This way you will not have to worry about your warranty getting voided and you’ll receive all the benefits cost wise along with professional service.

Choosing dealership auto shops over local car mechanic provides some benefits as well, even though it can be a bit more costly. Log book service or service based on a book that holds all necessary information and service history of your car, thus making things easier for the mechanic. Log book servicing is an organized way of getting your car checked and taken for repairs, according to manufacturer specifications. All car owners are obliged to check when their cars are due for a log book service and should entrust an official dealer or a certified local mechanic with any needed repair. Nevertheless, you as the owner, have the right to decide on how you will maintain your car.

Replacing Ignition Coil On Your Vehicle – When is it the Right Time?

What is an Ignition Coil?

Automotive ignition tune up parts over white

An ignition coil is an induction coil in a vehicle’s ignition system which transforms the battery’s low voltage, 12volts, to the thousands of volts needed to create an electric spark in the spark plugs to ignite the fuel.

Originally, every ignition coil system required mechanical contact breaker points, and a capacitor (condenser). More recent electronic ignition systems use a power transistor to provide pulses to the ignition coil. Later model cars may use one ignition coil for each cylinder, eliminating fault-prone spark plug cables and a distributor to route the high voltage pulses.

As an aside ignition systems are not required for diesel engines which rely on compression to ignite the fuel/air mixture.

In modern vehicle ignition systems smaller coils are used with one coil for each spark plug or one coil serving two spark plugs (for example two coils in a four-cylinder engine, or three coils in a six-cylinder engine). A large ignition coil puts out about 20 kV, and a small one such as from a lawn mower puts out about 15 kV. These coils may be remotely mounted or they may be placed on top of the spark plug, known as coil over plug.

Where coils are individually applied per cylinder, they may all be contained in a single moulded block with multiple high-tension terminals. This is commonly called a coil-pack.

Ignition Coil Failure Symptoms

Fuel Economy

One of the first symptoms that a coil is no longer working as it should is a decline in your normal economy. This is because it takes more fuel for the car to run when less power is reaching the spark plugs. So, when your ignition coil begins to fail and becomes less able to transfer power, your car requires more fuel to run, and your fuel economy suffers.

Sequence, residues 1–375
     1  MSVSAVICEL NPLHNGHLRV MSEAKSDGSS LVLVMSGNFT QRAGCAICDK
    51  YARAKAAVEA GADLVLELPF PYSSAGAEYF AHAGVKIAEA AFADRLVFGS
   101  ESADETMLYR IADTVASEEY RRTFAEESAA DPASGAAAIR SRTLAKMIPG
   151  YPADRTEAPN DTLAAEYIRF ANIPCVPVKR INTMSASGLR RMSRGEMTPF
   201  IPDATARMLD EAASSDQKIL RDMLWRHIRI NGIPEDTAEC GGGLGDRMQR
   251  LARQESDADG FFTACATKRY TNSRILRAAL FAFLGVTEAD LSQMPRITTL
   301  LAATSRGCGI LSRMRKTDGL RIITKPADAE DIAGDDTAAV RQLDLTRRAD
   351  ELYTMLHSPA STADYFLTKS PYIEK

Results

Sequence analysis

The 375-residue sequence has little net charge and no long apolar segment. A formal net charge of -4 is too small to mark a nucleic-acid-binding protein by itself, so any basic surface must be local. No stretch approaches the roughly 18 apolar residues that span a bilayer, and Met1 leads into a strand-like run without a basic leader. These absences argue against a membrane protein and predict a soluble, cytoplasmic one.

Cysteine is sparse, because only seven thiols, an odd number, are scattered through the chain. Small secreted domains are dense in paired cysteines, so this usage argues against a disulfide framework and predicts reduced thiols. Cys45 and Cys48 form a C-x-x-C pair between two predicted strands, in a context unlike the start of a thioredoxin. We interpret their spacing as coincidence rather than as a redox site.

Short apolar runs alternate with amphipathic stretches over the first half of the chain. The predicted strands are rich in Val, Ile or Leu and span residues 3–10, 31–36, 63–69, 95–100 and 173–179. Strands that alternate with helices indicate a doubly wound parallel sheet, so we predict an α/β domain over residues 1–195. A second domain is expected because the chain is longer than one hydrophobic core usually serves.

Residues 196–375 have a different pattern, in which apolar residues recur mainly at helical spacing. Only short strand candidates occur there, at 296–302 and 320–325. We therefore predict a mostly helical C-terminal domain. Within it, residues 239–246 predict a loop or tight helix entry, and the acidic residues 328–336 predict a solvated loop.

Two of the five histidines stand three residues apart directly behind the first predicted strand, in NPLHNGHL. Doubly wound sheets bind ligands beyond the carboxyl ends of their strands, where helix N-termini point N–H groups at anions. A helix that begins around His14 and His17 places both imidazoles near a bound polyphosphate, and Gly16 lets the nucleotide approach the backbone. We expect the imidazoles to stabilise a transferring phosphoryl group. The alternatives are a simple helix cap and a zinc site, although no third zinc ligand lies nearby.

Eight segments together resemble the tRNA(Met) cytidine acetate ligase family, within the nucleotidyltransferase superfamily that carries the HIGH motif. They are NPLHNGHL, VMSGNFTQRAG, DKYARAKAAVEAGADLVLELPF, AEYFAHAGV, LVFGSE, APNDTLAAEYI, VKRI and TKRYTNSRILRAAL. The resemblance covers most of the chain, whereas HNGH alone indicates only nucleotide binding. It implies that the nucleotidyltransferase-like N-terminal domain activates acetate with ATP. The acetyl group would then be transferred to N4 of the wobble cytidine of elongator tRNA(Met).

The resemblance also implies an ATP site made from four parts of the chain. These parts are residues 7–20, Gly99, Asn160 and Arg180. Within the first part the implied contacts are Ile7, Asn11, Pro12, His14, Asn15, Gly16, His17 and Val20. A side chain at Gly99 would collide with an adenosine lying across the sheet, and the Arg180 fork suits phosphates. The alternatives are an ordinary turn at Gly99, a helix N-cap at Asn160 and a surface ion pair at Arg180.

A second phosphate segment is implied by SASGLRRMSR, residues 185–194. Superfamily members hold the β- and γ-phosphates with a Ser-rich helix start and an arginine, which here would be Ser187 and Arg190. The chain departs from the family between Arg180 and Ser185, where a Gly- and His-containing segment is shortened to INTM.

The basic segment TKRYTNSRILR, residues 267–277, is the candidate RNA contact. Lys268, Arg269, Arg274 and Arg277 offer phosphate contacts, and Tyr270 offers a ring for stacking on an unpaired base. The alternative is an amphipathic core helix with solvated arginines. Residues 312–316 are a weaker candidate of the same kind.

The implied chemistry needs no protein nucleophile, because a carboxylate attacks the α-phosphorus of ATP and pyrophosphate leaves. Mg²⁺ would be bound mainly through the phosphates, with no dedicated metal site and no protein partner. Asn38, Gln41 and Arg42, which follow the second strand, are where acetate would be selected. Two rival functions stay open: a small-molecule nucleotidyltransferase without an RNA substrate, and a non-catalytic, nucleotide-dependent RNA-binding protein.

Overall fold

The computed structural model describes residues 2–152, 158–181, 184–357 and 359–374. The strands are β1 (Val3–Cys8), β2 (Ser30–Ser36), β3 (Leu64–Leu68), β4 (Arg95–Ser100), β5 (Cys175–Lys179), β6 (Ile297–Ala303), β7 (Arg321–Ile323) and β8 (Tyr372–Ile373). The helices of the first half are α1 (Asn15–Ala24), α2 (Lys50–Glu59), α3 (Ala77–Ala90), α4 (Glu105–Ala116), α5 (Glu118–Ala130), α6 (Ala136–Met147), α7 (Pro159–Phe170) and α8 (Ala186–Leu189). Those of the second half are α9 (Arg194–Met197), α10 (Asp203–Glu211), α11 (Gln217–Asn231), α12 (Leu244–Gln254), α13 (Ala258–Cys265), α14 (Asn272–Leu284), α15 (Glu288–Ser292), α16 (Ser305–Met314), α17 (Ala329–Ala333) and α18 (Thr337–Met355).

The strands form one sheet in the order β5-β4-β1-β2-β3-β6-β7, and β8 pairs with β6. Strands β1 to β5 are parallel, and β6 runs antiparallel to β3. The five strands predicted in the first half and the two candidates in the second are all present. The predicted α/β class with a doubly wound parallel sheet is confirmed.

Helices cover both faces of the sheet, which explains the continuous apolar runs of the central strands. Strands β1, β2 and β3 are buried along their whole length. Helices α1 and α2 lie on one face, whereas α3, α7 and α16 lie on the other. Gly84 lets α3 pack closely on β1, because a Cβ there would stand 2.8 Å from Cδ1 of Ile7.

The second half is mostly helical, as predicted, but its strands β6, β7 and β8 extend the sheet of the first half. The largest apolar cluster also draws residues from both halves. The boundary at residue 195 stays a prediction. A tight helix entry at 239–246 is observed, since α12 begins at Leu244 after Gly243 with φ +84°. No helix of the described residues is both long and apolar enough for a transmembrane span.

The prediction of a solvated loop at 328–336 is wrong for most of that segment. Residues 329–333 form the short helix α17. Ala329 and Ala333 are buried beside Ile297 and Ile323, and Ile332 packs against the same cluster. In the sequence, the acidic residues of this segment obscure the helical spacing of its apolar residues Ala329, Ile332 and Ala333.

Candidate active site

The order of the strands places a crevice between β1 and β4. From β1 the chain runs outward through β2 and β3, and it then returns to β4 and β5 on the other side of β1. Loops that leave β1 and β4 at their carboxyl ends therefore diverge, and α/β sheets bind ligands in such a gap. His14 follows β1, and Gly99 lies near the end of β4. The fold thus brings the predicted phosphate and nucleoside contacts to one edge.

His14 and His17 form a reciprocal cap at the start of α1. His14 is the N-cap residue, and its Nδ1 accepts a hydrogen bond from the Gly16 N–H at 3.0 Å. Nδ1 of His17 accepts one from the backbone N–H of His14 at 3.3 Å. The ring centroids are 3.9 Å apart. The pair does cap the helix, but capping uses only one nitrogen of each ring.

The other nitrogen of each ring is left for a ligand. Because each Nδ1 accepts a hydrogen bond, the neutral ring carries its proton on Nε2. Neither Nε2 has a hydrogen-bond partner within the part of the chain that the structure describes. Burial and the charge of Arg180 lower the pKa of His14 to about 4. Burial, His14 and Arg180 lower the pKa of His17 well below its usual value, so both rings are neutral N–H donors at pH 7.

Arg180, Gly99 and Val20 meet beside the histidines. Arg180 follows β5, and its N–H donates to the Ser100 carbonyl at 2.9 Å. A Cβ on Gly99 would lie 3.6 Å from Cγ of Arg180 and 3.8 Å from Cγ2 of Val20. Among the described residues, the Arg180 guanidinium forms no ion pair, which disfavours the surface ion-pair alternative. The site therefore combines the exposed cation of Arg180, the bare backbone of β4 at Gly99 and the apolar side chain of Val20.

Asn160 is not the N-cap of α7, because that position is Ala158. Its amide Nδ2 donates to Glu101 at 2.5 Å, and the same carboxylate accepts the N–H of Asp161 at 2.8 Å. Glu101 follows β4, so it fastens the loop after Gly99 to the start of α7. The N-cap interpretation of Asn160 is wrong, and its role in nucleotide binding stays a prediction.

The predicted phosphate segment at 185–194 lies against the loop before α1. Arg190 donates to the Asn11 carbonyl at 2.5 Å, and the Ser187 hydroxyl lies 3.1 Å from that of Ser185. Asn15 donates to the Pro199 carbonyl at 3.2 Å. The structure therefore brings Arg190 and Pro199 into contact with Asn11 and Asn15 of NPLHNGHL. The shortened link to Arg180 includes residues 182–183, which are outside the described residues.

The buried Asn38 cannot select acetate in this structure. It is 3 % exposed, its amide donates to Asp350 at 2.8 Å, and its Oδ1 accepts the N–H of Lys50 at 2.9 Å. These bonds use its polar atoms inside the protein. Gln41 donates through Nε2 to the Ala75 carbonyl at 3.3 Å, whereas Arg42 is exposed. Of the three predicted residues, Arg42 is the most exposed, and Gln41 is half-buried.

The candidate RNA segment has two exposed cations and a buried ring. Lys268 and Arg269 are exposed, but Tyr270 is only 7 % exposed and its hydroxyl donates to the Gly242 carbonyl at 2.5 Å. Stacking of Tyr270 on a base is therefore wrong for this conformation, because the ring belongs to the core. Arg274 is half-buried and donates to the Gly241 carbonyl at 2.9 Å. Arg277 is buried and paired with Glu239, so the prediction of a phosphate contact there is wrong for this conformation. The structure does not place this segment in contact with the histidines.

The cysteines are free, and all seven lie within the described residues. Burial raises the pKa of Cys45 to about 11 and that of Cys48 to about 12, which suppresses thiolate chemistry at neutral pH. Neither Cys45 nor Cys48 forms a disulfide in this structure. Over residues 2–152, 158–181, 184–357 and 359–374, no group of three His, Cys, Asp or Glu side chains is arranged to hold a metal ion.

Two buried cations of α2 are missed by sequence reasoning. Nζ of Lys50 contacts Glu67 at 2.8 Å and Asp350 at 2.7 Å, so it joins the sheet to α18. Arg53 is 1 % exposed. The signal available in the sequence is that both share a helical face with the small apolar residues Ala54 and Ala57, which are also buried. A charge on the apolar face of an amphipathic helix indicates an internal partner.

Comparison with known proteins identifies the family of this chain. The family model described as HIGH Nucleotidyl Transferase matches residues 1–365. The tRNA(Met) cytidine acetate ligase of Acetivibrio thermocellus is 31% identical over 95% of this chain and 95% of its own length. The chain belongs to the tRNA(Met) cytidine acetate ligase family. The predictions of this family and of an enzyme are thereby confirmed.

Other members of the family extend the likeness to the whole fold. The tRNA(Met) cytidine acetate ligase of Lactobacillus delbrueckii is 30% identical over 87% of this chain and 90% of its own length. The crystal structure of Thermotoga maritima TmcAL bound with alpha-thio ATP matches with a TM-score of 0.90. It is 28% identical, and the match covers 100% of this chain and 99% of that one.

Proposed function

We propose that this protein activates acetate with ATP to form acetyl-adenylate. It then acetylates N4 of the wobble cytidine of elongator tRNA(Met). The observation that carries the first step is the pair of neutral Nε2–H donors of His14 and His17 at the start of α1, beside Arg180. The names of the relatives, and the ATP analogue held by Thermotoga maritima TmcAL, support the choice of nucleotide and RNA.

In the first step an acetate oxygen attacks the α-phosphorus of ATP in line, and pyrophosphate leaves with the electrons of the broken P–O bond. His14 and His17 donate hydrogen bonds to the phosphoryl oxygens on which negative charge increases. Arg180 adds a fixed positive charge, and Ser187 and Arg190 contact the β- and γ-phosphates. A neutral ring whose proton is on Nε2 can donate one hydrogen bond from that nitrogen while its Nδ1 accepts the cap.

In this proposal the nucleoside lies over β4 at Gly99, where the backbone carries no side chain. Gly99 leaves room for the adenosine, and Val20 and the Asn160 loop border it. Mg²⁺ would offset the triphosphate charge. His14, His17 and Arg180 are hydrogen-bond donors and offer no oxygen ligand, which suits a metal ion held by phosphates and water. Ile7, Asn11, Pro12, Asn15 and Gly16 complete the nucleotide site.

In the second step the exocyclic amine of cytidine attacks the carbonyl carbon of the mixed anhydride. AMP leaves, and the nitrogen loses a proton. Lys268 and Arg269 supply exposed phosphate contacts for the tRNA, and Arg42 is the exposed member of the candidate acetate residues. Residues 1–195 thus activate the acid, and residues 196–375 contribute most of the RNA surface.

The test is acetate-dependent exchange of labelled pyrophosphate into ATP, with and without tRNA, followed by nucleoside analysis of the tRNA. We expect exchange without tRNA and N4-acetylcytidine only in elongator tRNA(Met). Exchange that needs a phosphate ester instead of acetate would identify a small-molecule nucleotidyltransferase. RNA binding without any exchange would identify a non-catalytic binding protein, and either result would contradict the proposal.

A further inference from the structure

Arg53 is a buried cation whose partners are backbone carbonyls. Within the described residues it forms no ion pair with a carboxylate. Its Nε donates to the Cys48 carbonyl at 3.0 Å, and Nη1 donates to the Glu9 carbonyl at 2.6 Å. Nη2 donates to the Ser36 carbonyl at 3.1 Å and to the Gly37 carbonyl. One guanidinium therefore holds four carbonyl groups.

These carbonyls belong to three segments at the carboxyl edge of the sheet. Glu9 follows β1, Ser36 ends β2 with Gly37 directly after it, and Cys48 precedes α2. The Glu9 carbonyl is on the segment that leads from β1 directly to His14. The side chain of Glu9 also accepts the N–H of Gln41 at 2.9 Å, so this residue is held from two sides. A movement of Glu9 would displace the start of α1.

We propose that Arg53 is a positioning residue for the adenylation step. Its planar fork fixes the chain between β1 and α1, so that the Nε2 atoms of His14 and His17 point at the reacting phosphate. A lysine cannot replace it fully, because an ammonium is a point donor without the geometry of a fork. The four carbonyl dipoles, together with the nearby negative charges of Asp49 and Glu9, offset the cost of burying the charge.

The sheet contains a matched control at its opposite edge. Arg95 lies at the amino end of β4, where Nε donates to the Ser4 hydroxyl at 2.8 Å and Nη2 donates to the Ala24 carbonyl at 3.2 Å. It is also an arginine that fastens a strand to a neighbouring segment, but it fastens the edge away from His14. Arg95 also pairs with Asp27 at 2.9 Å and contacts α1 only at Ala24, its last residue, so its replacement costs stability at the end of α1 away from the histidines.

Exhaust

Also the result of increased, and less efficient, fuel use is a noticeable change in your exhaust. It may become black and smell of gasoline, rather than smelling like normal exhaust fumes.

Backfire

If you do not catch the earliest symptoms of a failing ignition coil, your car may begin to experience serious backfires. This happens when unused fuel is emitted through the car’s exhaust, creating a small explosion. Backfires can occur either in the car’s manifold or in the exhaust pipe. Typically, backfires caused by ignition coil issues take place in the latter. If the problem is not corrected, these backfires can cause serious damage to your exhaust system, which will require costly repairs, which would otherwise be unnecessary.

Hard to Start

Because ignition coil failure means that a spark plug is no longer receiving an appropriate amount of charge, cars that are suffering from this issue are typically harder to start. This may be especially noticeable when the car is cold, or when the humidity level is high.

Misfire

A series of misfires will often occur when ignition coils fail, resulting in your car running rough. When travelling at highway speeds, this may feel like a jerking sensation or a random, but repeated loss of power. At a stop light, or when idling for any reason, this feels like a vibration.

Stalling

It is essential that your car continue receiving sparks to stay running. Cars that have ignition coil issues may stall, especially when idling, like at a stoplight or when left running while parked. This may become especially noticeable after the engine has been running a while and has “warmed up.”

Failure to Start

A car whose ignition coil(s) completely fail will not start at all. In this case, jump starting will prove ineffective.